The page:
05 June 2020
New electrical safety regulations – Residential landlords
The Electrical Safety Standards in the Private Rented Sector (England) Regulations 2020 (“the Regulations”) came into force this week.
These apply to properties in England and will affect all new tenancies entered into after 1 July 2020, and all existing tenancies from 1 April 2021.
Landlord’s may face fines of up to £30,000 for any failure to comply with the Regulations.
Landlords will need to ensure that they take the following steps before the commencement of a tenancy:-
- Instruct a ‘qualified person’ to undertake an inspection of any electrical installation in the property and to produce a report. It would be recommended that this is an engineer registered to a government approved body such as NICEIC, ELECSA or NAPIT.
- Ensure that the electrical installation meets the safety standard required within the eighteenth edition of the Wiring Regulations.
- Ensure that the report includes the date of the next inspection and test.
- Provide a copy of the report to each tenant before they occupy the property.
- It would be prudent to retain some evidence that the report was provided with a record of the exact date.
- Retain a copy of that report until the next inspection and test.
A prospective tenant may also request a copy of the most recent report undertaken and this would need to be provided within 28 days of a written request.
A landlord will then need to ensure a qualified person undertakes an inspection and test at ‘regular intervals’ throughout the tenancy and these intervals must be no less than 5 years apart.
As above, the date of the next inspection and test must be noted on the report produced. Any report needs to be provided to each tenant within 28 days of the inspection and test. It would again be prudent to ensure evidence of this is retained.
A copy of the report should be retained by the landlord until the next inspection and test.
In relation to existing tenancies, a landlord will need to ensure that the first inspection is carried out before 1 April 2021.
The ongoing duty referred to above will then take effect.
If any report concludes that that the safety standard is not met, a landlord must ensure that a qualified person carries out recommended remedial or further investigative works within 28 days of the report.
If the report itself species that urgent remedial or further investigative works are required before the elapse of the 28 days, a landlord must ensure these are carried out in line with the report.
Once the remedial or investigative works are carried out, written confirmation must be provided by the qualified person that the safety standard has now been met, or that further work is required.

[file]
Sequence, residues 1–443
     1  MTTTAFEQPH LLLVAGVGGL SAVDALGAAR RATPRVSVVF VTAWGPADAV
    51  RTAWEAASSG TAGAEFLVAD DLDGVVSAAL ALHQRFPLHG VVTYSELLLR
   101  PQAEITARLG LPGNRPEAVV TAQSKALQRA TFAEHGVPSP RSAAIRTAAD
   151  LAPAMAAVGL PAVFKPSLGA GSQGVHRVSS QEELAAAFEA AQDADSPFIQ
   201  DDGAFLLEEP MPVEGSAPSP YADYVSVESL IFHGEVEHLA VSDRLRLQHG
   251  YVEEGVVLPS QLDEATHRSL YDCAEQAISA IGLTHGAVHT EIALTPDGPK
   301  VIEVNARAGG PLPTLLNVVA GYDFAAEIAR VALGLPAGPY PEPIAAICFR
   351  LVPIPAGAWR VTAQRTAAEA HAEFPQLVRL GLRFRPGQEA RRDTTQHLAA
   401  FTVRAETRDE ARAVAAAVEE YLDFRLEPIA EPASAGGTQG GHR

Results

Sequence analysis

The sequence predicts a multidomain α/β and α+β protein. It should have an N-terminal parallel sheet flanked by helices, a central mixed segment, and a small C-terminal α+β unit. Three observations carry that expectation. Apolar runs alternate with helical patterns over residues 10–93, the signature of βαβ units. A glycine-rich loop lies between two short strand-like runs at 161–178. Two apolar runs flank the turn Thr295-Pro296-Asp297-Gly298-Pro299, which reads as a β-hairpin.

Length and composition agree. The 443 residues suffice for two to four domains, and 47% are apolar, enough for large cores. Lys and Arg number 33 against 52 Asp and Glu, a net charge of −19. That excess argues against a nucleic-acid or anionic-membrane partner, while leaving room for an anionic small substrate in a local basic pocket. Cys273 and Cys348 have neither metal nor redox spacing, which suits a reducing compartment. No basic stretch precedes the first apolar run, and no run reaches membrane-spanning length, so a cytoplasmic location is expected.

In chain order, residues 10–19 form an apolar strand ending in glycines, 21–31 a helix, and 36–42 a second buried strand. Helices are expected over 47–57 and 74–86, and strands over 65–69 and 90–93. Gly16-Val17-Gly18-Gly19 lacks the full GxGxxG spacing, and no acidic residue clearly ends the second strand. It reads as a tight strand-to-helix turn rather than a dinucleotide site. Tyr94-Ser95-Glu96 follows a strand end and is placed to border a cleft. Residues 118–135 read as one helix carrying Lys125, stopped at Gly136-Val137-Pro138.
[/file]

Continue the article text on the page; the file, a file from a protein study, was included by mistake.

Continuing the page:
This confirmation must be provided to each tenant and the local authority within 28 days.
If further works are required, the steps above must be continually undertaken until the qualified person provides written confirmation that the safety standard has now been met.
Powers of the Local Authority to Enforce the Regulations
If the local authority requests a copy of any inspection report, it must be provided within 7 days of a written request.
The local authority may take steps to enforce any breach of the Regulations, indeed they have a duty to do so.
They may serve a ‘remedial notice’ on a landlord at any time if they have reasonable grounds to believe that the Regulations have been breached. This notice would need to provide details of the breach and would require the landlord to undertake specified remedial action within 28 days.
If a remedial notice is served, a landlord would have 21 days to make written representations in relation to the notice which the local authority need to consider and report the result of such considerations to the landlord.
If at any time, the local authority consider that urgent remedial works are required, they can make arrangements for a qualified person to carry out these works directly (with the consent of the tenants).
The local authority can impose a penalty of up to £30,000 on any landlord who breaches an obligation under the Regulations.
It would appear that the local authority may impose a penalty of any amount, up to £30,000, for each breach.
There is an ability to appeal any penalty imposed, with landlords able to make representations to the local authority.
Ultimately, if the local authority still consider that the penalty should be imposed, a landlord would need to make an application to the First Tier Property Tribunal.
A landlord may also be asked to pay the costs incurred by the local authority as a result of taking enforcement action.
It could, therefore, be very costly to fail to comply with the Regulations, and landlords should ensure they fully understand these new obligations.